The Japanese cockroach (Periplaneta japonica), also known as the Yamato cockroach, is a cockroach native to Japan, adapted to cooler northern climates. It has a flexible univoltine or semivoltine (one- or two-year) lifecycle, depending on the timing of its hatching, and is unusual in being able to spend two winters as diapause nymphs before reaching maturity.
Nymphs have been observed in the wild hibernating in subfreezing temperatures during winter in snow-covered habitats. Overwintering nymphs were able to survive laboratory supercooling experiments in the -5 to -8°C temperature range, enduring 12 hours of tissue freezing, as well as recover from burial in ice. The ability to walk on ice was also found to be unique among several cockroach species tested.
Initial first-instar nymphs are dark brown, with white or brownish white tips of the maxillary and labial palps. Adults measure 25–35 mm in length, and have a shiny, uniformly black to blackish-brown body, with brown tarsi and maxillary and labial palps. The adult male's wings extend slightly beyond the body's length, while the female's wings are around half the body's length.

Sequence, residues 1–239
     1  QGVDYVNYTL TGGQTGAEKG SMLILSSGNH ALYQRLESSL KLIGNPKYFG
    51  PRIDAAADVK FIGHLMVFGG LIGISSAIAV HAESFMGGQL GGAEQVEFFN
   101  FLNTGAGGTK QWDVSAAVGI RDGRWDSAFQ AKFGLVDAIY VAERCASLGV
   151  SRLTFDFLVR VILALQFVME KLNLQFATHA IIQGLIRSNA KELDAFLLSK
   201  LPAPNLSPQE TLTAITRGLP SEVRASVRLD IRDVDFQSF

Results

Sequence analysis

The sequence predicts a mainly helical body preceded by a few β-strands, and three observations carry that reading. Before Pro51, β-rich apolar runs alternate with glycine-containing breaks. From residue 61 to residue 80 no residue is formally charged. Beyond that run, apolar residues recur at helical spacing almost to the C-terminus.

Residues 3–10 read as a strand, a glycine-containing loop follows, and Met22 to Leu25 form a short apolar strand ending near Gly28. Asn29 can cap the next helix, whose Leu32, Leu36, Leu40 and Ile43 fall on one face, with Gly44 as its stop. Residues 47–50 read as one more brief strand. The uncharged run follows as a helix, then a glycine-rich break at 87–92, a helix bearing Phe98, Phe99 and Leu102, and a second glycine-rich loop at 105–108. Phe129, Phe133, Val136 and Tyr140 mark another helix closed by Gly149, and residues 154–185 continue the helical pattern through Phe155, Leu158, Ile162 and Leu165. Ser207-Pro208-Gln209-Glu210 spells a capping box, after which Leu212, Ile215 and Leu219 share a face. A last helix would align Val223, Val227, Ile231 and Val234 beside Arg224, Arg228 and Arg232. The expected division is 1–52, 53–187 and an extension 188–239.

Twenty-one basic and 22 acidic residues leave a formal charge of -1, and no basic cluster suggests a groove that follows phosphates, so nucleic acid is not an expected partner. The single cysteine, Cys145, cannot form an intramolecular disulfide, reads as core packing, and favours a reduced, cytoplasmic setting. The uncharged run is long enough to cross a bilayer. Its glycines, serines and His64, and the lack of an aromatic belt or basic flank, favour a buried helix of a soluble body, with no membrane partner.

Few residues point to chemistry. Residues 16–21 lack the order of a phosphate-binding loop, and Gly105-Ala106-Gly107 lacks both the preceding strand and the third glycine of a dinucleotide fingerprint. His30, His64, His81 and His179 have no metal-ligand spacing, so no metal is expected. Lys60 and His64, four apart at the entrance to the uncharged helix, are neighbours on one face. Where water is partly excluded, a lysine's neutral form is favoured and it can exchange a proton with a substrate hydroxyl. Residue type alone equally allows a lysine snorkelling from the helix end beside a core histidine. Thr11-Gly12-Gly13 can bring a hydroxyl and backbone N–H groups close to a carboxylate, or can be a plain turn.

Unlike most cockroaches, the major hydrocarbon in P. japonica’s cuticular lipids is cis-9-nonacosene. Males have significant amounts of cis-9-heptacosene not found on females. Glucose, myo-inositol, scyllo-inositol and trehalose were found in overwintering nymphs and are thought to be a factor in their freeze tolerance.
A P. japonica nymph alone or in sparse populations accumulates a viscous secretion along its rear dorsal surface, droplets of which it can be splashed some distance toward a threat through a shaking action. The presence of an aggressive species of ant, Formica exsecta, triggered this defensive response, rendering the ants helpless.
The species was found in New York City in 2013, the first time the species was found in the United States. It was found by an exterminator beneath plantings in High Line, a Manhattan park, and was able to survive over a cold winter. Scientists who confirmed the identity of the species through genetic testing theorize that it may have been imported in the soil of ornamental plants used in the park.
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